Ring's reflections: Spanish influence reaches north

First priests, then soldiers move to gain a hold on frontier region populated by native peoples
2013-03-28T00:00:00Z Ring's reflections: Spanish influence reaches northOpinion by Bob Ring Special To The Arizona Daily Star Arizona Daily Star

1694 to 1775

By the early 1690s Spanish colonial policy had been in operation in Mexico for almost 175 years, with Spanish control and influence steadily expanding northward from central Mexico.

In "Spanish Colonial Tucson," historian Henry F. Dobins wrote, "Colonial officials relied heavily on missionaries to concentrate scattered native populations at a relatively few mission sites" to foster farming and stock raising, while preparing them to "become tribute-paying subjects of the Crown."

The missionary effort in northern Mexico and Southern Arizona was assigned to the Roman Catholic religious order, the Society of Jesus, or Jesuits.

The Jesuits

Destined to play a key role in Southern Arizona, in lands formerly occupied by the Hohokam, Jesuit missionary Father Eusebio Kino was the first European to explore the Santa Cruz Valley.

In 1692 when Father Kino first visited the Sobaipuri (related to Pima) village of Bac, about seven miles south of Tucson, he found more than 800 American Indians farming irrigated fields.

When he traveled farther north in 1694, Father Kino found another Sobaipuri village called Schookson (later named Tucson by the Spanish) on the west side of the Santa Cruz River at the foot of Sentinel Peak (also called "A" Mountain). Three years later on another visit, he counted 750 people living in 186 houses stretched out along the river.

At Schookson, Kino saw that through a combination of the free-flowing river, tapping underground flows in river marshes, and natural springs in the marshes, the residents irrigated their crops, using canals probably left behind by the Hohokam. Between Sentinel Peak and the Rillito River, on the east bank of the river, the Sobaipuri also irrigated crops in the floodplain. They probably grew corn, beans, squash, melons and cotton.

Several missions

Father Kino established more than 20 missions in Mexican Sonora and south-central Arizona, earning the respect of the natives, his fellow missionaries and his superiors. He founded Mission San Xavier del Bac in 1692 as the northernmost Jesuit mission in Southern Arizona.

Between 1694 and his death in 1711, Father Kino rarely visited Tucson. Other priests from San Xavier and missions farther south occasionally visited Tucson, but with little effect on the religious conversion of the natives.

But, in the words of anthropologist Thomas E. Sheridan, other "events ... truly revolutionized human society in Arizona." Father Kino introduced wheat, cattle, horses and mules to the natives along the Santa Cruz River. Other Jesuit missionaries introduced barley, peaches and sheep to complement the native summer crops and wild food resources. The seeds for better agriculture and ranching had been planted.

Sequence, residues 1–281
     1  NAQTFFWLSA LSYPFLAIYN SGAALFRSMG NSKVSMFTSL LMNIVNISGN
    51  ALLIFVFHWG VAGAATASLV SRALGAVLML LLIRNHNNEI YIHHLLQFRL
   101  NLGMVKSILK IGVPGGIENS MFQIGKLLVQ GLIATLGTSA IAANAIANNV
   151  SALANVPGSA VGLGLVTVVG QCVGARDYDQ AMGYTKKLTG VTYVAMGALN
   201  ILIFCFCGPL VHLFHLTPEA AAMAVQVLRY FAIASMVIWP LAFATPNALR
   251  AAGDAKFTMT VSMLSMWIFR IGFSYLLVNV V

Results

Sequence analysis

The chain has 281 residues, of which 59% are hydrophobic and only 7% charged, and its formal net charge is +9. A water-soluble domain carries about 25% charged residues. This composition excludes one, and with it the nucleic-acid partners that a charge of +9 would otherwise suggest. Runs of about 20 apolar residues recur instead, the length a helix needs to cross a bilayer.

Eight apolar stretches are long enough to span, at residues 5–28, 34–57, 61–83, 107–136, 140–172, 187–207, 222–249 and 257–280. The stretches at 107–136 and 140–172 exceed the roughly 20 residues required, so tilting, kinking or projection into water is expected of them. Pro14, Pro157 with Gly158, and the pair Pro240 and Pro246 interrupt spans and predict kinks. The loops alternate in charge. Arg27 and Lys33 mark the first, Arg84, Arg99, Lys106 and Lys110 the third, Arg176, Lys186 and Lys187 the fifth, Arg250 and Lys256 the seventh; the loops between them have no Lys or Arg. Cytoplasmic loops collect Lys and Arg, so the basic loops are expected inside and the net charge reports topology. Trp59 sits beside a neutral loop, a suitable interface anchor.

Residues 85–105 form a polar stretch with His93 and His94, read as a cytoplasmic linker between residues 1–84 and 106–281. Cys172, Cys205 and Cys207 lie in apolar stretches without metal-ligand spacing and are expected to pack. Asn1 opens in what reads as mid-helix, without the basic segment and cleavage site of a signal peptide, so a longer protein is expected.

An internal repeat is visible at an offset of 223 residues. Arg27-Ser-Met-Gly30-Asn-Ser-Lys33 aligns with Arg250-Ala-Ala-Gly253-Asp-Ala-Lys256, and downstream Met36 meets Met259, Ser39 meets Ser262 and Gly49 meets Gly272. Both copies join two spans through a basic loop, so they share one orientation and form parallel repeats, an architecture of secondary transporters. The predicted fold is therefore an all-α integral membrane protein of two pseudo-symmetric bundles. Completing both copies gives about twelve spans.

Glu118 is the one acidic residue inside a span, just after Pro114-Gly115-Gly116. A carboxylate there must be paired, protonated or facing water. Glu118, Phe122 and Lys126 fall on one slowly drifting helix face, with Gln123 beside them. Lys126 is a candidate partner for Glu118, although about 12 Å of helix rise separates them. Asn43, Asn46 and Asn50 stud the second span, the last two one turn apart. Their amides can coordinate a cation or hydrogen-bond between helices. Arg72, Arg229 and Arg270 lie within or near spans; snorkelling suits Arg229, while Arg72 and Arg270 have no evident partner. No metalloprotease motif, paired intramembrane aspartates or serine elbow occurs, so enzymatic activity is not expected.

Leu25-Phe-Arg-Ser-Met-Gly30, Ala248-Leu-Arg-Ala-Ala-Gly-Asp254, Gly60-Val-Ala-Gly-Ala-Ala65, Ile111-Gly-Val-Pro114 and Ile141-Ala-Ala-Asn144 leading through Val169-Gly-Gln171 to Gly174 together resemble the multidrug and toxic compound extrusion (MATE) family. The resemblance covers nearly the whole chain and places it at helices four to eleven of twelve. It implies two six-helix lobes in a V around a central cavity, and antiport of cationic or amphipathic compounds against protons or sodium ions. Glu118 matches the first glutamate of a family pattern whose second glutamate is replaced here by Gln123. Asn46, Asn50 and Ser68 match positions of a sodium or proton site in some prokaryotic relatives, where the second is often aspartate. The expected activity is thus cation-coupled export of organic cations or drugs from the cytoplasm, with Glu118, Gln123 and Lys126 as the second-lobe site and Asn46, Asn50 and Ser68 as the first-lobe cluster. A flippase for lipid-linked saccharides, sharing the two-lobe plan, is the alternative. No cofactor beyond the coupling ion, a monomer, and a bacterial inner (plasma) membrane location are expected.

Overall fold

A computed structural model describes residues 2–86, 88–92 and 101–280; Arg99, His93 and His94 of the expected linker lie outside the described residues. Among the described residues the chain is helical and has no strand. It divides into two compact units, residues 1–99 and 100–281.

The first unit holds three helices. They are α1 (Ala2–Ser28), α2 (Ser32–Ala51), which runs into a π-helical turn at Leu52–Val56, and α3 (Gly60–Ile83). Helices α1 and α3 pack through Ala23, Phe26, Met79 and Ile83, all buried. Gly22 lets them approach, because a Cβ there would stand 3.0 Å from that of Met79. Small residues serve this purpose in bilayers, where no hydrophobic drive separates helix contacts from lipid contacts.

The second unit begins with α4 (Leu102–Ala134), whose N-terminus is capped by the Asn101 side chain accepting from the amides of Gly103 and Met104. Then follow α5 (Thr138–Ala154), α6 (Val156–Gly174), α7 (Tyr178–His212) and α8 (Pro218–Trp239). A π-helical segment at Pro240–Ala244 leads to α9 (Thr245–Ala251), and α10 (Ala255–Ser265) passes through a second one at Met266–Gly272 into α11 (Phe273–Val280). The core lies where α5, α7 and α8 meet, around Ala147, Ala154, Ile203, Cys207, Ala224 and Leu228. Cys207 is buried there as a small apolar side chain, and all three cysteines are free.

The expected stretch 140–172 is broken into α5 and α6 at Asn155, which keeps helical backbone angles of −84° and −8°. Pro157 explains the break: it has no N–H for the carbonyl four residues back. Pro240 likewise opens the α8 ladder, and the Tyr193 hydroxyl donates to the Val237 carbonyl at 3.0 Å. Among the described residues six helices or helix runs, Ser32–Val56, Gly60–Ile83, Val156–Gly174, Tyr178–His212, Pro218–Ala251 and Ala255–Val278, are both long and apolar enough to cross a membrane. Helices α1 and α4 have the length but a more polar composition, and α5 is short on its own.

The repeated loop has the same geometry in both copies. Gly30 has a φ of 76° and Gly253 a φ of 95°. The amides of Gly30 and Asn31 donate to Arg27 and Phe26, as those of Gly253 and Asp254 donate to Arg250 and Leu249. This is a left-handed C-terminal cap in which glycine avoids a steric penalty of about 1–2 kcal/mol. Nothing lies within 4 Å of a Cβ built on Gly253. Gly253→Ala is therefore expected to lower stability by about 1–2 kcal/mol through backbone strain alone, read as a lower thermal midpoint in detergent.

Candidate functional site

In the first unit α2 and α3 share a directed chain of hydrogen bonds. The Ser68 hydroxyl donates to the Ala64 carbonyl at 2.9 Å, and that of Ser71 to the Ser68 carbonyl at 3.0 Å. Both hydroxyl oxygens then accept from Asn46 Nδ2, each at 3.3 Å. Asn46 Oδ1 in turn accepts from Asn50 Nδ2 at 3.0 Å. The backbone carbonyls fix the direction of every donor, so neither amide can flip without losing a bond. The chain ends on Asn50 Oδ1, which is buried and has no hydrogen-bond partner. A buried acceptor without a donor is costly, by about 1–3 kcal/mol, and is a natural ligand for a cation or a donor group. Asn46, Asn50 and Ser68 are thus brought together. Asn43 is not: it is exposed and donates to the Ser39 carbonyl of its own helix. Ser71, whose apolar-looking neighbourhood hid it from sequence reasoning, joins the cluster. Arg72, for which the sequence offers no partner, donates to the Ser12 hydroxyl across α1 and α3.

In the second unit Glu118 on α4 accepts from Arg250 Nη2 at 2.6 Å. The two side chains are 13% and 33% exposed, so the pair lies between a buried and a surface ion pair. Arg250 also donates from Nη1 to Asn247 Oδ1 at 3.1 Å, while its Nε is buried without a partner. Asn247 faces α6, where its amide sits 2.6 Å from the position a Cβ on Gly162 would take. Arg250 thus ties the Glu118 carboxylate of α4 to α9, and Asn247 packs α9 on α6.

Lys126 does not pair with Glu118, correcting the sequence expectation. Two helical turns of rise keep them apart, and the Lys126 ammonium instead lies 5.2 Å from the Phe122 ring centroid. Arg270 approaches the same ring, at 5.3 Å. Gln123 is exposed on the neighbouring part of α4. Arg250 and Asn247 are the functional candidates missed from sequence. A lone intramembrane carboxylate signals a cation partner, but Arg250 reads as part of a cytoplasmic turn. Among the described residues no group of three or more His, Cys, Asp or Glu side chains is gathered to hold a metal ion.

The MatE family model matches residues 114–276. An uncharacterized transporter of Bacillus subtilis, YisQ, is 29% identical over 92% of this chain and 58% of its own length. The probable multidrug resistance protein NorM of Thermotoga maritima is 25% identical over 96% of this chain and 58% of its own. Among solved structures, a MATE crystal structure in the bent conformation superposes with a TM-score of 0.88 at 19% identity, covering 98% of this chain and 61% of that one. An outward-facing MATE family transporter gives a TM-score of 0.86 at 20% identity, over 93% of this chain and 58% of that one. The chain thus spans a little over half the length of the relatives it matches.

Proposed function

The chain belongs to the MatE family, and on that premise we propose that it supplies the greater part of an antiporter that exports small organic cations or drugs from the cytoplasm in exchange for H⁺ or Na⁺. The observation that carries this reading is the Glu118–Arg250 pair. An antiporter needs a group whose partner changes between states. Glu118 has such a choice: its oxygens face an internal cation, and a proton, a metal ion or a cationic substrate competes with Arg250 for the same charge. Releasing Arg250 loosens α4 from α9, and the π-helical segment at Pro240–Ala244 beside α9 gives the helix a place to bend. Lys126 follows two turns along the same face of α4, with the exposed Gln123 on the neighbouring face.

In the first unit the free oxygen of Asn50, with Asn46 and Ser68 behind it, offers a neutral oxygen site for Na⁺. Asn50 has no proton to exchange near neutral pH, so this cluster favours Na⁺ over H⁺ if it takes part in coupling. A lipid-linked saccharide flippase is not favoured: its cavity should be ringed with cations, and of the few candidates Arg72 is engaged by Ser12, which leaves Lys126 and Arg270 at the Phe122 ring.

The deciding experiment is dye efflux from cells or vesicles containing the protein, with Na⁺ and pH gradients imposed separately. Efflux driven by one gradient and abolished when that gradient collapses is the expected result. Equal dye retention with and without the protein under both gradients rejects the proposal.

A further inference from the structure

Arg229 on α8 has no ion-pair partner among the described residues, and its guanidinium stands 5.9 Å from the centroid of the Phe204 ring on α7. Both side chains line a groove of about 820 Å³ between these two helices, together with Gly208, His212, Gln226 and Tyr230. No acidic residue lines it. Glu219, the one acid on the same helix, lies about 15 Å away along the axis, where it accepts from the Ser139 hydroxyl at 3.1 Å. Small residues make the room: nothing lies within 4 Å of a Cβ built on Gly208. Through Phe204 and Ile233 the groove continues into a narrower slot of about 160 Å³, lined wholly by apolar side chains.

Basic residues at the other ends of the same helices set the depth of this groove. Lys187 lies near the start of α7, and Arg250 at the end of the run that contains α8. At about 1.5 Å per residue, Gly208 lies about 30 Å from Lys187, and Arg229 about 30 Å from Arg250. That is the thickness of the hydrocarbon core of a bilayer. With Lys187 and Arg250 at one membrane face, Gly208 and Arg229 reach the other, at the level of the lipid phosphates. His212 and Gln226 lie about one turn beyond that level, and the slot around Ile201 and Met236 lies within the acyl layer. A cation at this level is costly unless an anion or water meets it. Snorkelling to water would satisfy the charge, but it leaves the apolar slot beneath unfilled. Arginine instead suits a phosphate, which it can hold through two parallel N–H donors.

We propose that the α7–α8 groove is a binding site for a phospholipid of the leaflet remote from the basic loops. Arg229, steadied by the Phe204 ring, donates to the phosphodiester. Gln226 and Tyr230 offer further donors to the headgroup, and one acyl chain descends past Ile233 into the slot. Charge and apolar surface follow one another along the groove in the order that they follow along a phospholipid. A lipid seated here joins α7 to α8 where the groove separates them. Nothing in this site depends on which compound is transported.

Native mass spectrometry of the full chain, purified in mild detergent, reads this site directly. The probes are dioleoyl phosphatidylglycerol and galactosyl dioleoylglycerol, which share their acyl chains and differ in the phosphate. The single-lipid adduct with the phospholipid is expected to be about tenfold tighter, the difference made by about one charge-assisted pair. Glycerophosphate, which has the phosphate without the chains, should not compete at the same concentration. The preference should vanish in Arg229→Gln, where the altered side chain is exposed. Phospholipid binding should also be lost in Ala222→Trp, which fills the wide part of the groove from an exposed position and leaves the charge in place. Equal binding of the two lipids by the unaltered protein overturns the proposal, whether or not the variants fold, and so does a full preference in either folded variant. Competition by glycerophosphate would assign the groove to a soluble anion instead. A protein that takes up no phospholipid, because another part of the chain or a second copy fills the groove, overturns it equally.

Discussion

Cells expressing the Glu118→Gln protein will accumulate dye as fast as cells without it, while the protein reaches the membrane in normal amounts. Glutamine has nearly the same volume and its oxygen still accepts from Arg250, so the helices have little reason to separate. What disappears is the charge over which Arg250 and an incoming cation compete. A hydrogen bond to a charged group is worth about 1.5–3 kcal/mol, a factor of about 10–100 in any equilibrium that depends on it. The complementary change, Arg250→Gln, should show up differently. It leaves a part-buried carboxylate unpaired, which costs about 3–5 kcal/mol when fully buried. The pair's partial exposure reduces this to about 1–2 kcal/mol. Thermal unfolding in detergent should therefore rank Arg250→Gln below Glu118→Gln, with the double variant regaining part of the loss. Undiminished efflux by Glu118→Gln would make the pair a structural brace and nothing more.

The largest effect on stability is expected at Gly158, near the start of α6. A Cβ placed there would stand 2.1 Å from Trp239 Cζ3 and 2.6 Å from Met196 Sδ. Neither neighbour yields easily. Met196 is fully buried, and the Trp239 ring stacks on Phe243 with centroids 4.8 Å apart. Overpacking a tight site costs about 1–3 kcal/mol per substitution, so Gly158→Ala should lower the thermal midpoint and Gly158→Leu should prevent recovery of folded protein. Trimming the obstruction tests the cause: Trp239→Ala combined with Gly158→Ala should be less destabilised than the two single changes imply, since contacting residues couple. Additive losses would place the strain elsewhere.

According to Sheridan, "the most important impetus to Spanish settlement" was a silver strike in 1736 in northern Mexican Sonora that resulted in a large migration of Spanish fortune seekers into south-central Arizona.

In addition to mining, some of these adventurers were impressed by the fertile Santa Cruz Valley and stayed to farm or start cattle ranches. This brought the interlopers into land conflicts with native Pimas who were already chafing at perceived harsh treatment by Jesuit missionaries.

Pima Revolt

In 1751 the Pimas revolted against Spanish control across northern Sonora and south-central Arizona, affecting natives as far north as San Xavier del Bac. Following the deaths of two Spanish missionaries and more than 100 settlers and peaceful natives, the Spanish military defeated a large force of Native Americans and peace was negotiated.

The next year, in 1752, the Spanish set up a fort, or presidio, at Tubac to protect Spanish interests in the Santa Cruz Valley. It was the first permanent Spanish settlement in Arizona.

The first attempt at establishing a permanent mission in Tucson occurred in 1757 when German-born Jesuit Bernhard Middendorff arrived, accompanied by 10 soldiers to provide security. But after only five months, Middendorff was driven out by the natives and he fled to Mission San Xavier del Bac, with Tucson reverting to the status of a "branch" mission.

Meanwhile, a new force had moved into Southern Arizona from the Great Plains, a force that would have a far-ranging effect on Spanish colonialism and Tucson. Since the late 1600s, fierce, warlike Apaches had been harassing the Spanish and more peaceful Native Americans, including the eastern Sobaipuri living along the San Pedro River.